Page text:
One of the most exciting dance records of 2013, Disclosure’s Settle (Cherry Tree/Interscope), has been reissued in an expanded deluxe edition in 2014. Sizzling opener “When A Fire Starts To Burn,” is built on the unlikeliest of samples. On Disclosure “shackles” a Soft Cell echo to a soulful dance cut on “Latch,” featuring Sam Smith. “F For You” is the kind of infection you might not mind, while “Stimulation” is a stimulating, if break-neck, workout. “Defeated No More” draws on some of the same retro inspiration as Daft Punk. Speaking of Daft Punk, like their Random Access Memory, Disclosure’s Settle is also an all-star affair, featuring appearances by Eliza Doolittle on “You & Me”, Jamie Woon on “January” and Jessie Ware on “Confess To Me.” The bonus disc contains the slinky funk of “Together” (with vocals by Sam Smith, again), “F For You” (a version featuring Mary J. Blige) and two others.
With his full-length debut True (Island), Avicii (aka Tim Bergling) became 2013’s David Guetta, but so much betta (if you will). Like Guetta, Avicii took advantage of the popularity of his disc by remixing himself True: Avicii by Avicii (Island), sub-titled “This Is (Also) My Truth.” Avicii , like Guetta, employs guest vocalists, but what he does with them is far more thrilling. Opener “Wake Me Up” finds modern soul singer Aloe Blacc in a country bar, complete with acoustic guitar and electronic beats; disco for the NASCAR set. The country/club theme continues on “Hey Brother,” featuring vocals by Dan Tyminski (of Alison Krauss and O, Brother Where Art Thou? fame) and the addictive “Addicted To You,” sung by southwestern songbird Audra Mae. Avicii breaks up the mountaintop momentum with hardcore dance-floor workouts such as “Dear Boy,” the ballroom blitz of “Shame On Me,” Adam Lambert’s stand-up performance on “Lay Me Down” and the twisted retro soul screamer “Liar Liar.”
Insistently hetero Canadian electro duo Chromeo continues to perfect its shtick on White Women (Atlantic/Big Beat). The ‘80s-era Prince keyboards, retro disco beats and funky dance bass lines still dominate. But this time they’re calling on cool friends – Vampire Weekend’s Ezra Koenig, Solange and Toro Y Moi – to take their tunes to the next level. Snappy and sexually suggestive, songs such as “Come Alive,” “Over Your Shoulder,” “Play The Fool,” “Somethingood” and “Frequent Flyer” would all fit in well on your summer dance playlist. Chromeo also gets credit for not taking itself too seriously and for using the word “tush” in the song “Sexy Socialite.”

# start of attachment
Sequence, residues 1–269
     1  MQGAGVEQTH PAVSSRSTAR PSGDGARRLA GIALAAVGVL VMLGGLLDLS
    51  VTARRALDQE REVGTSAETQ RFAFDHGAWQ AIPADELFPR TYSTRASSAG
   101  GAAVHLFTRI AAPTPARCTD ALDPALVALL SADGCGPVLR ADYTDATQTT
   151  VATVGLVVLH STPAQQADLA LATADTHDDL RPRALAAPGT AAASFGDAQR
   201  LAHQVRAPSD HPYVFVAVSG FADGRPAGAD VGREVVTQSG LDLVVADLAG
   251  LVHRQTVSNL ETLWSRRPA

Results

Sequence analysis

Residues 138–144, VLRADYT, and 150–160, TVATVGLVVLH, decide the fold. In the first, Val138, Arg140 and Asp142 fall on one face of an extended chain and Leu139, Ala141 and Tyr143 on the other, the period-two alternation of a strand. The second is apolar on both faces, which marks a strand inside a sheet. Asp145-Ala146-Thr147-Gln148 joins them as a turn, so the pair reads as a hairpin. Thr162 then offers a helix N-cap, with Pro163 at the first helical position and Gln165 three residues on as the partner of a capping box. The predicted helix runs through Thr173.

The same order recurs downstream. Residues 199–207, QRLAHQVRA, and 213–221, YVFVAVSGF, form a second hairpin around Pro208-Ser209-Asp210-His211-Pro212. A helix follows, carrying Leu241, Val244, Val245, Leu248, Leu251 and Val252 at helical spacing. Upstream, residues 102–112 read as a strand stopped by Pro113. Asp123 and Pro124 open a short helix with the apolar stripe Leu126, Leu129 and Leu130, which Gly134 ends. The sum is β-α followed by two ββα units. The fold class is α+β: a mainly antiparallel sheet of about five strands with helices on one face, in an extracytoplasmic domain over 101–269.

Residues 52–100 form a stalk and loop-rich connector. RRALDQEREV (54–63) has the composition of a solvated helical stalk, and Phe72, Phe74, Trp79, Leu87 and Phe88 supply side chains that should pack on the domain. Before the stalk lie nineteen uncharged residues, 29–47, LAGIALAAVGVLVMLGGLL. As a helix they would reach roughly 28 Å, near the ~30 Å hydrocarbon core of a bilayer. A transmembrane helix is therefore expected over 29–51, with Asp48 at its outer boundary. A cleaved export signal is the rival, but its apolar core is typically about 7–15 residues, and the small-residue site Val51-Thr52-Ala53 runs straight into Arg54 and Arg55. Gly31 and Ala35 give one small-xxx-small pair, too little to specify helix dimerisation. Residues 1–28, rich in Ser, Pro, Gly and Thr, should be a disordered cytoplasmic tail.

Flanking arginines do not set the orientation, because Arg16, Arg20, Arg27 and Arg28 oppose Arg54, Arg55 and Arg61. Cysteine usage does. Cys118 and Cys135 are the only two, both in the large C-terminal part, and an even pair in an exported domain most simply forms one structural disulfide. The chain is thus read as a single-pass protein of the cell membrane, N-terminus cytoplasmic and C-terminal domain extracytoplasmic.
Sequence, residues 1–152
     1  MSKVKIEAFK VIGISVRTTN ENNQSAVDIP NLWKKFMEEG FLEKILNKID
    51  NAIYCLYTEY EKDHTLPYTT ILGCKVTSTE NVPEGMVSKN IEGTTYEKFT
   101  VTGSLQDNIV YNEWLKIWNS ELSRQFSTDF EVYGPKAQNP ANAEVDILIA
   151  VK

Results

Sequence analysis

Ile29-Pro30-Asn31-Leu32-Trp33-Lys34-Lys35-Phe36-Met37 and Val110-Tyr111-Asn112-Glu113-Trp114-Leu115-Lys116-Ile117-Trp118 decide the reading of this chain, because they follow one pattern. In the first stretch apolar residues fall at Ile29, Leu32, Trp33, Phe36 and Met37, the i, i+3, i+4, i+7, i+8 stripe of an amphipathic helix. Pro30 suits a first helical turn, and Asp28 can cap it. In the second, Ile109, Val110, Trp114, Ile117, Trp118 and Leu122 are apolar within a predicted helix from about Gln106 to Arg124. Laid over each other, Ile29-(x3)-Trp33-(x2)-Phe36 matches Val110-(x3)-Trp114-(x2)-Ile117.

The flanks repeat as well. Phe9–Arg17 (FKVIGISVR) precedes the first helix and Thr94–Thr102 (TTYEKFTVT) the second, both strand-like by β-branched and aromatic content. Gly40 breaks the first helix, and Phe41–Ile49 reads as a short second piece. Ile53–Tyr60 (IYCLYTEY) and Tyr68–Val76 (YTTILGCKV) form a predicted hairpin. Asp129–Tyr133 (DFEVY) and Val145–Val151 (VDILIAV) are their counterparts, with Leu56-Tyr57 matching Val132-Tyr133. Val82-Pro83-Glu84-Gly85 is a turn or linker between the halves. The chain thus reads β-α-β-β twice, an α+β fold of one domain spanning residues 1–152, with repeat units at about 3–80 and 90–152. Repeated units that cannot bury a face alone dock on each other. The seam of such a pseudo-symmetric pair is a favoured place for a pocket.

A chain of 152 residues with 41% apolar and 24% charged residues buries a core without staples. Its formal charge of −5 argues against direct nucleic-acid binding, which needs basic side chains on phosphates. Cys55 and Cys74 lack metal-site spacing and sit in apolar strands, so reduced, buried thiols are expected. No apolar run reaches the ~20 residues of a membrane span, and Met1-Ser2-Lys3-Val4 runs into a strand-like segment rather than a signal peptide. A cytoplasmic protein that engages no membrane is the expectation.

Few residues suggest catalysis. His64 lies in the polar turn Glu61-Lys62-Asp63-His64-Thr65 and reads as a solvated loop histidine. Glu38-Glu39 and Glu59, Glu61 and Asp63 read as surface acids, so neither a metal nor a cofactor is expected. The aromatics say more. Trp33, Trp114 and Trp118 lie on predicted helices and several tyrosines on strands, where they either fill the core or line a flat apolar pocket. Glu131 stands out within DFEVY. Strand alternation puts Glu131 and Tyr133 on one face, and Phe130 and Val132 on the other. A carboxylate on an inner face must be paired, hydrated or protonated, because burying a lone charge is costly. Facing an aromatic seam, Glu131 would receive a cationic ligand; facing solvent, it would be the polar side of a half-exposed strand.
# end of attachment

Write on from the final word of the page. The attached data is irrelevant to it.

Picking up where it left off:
Gardens & Villa welcomes listeners to their swirly and shifting second album Dunes (Secretly Canadian) with the dreamy dance of “Domino” before shifting gears and packing the dance-floor with tantalizing “Colony Glen.” The dance party picks up on the chilly “Avalanche,” while “Echosassy” lives up to its name.
Foster The People (above) drop the ball with a resounding thud on its less than super second album Supermodel (Star Time/Columbia). More or less abandoning the dance music vibe that made the band’s 2011 major-label debut such a pleasure in favor of a 21st century psychedelic sound, Foster The People sounds like they are fostering a new direction. “Best Friend” comes closest to recapturing that dance-floor energy, and if you apply yourself, you could probably find a way to move to “Coming of Age” and “Are You What You Want To Be?”
Free Your Mind (Loma Vista/Republic), as Cut Copy suggests with the title of their new album, and your booty will follow. To fully experience the mind melting motion of the album explore “We Are Explorers,” follow your feet to “Footsteps,” be sure you have something to wash down “In Memory Capsule,” accept the invitation to “Meet Me In the House of Love” and get elevated with “Take Me Higher.”
Twelve years have passed between the release of The Notwist’s best album (Neon Golden) and their latest best work, Close To The Glass (Sub Pop). You could say that it was worth the wait. Their non-traditional approach to dance and electronic music on song such as panicky flood of “Kong,” the exotic title tune, the glitchy “From One Wrong Place to the Next” and “Run Run Run,” makes the dance-floor an exciting place to be again. But let’s hope they won’t take so long between brilliant albums.
Combining influential elements ranging from David Bowie (“The Upsetter”) to seventies soul (“I’m Aquarius”) and eighties new wave (“Call Me”), Mercury Prize-nominees Metronomy (Elektra) has released one of the most varied and surprising albums of the year. The delightful title cut is pure vintage disco and should inspire Metronomy fans to write love letters to the band. “Boy Racers” puts a funky spin on the band’s vintage disco sound, while “Reservoir” kicks in some Kraftwerk.
A hodgepodge of electro styles (remember drum’n bass and jungle?), Rudimental’s Home (Big Beat) is most impressive for its use of guest artists such as blue-eyed UK soul dude John Newman (on “Feel The Love” and “Not Giving In”), high-flying diva Emeli Sandé (on “More Than Anything” and “Free”) and bi rapper Angel Haze (“Hell Could Freeze”). If you’re looking for straightforward dance tracks, “Spoon” and “Baby” will have to do.
Everything about Afrojack’s Forget The World (Wall/Def Jam) sounds like a rip-off of Avicii, a rip-off of David Guetta, a rip-off of Daft Punk, and so on. If any artist CD signals trouble in the electronic dance music realm, it would be this one. Male and female strippers may be the only ones who will be able to appreciate the way the songs climb and drop, whip and zip, perfect for pelvic thrusting and grinding and pole climbing. It’s a shame, too, because this guy actually has a Grammy (!) for remixing, not to mention friends in high places, including Snoop Dogg (get it?), Sting, Chris Brown, Wiz Khalifa and others.